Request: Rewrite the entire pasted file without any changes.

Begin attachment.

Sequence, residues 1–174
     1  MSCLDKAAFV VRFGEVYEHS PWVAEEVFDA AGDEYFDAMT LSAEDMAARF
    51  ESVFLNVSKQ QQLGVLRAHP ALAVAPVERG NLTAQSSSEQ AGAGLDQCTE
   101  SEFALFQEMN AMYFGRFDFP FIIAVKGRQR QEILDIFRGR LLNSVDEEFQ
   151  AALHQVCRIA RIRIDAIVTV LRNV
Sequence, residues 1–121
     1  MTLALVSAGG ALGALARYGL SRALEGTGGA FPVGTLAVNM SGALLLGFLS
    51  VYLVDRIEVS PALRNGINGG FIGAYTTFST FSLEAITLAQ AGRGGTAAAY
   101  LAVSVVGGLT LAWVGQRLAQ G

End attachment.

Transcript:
Sequence, residues 1–174
     1  MSCLDKAAFV VRFGEVYEHS PWVAEEVFDA AGDEYFDAMT LSAEDMAARF
    51  ESVFLNVSKQ QQLGVLRAHP ALAVAPVERG NLTAQSSSEQ AGAGLDQCTE
   101  SEFALFQEMN AMYFGRFDFP FIIAVKGRQR QEILDIFRGR LLNSVDEEFQ
   151  AALHQVCRIA RIRIDAIVTV LRNV
Sequence, residues 1–121
     1  MTLALVSAGG ALGALARYGL SRALEGTGGA FPVGTLAVNM SGALLLGFLS
    51  VYLVDRIEVS PALRNGINGG FIGAYTTFST FSLEAITLAQ AGRGGTAAAY
   101  LAVSVVGGLT LAWVGQRLAQ G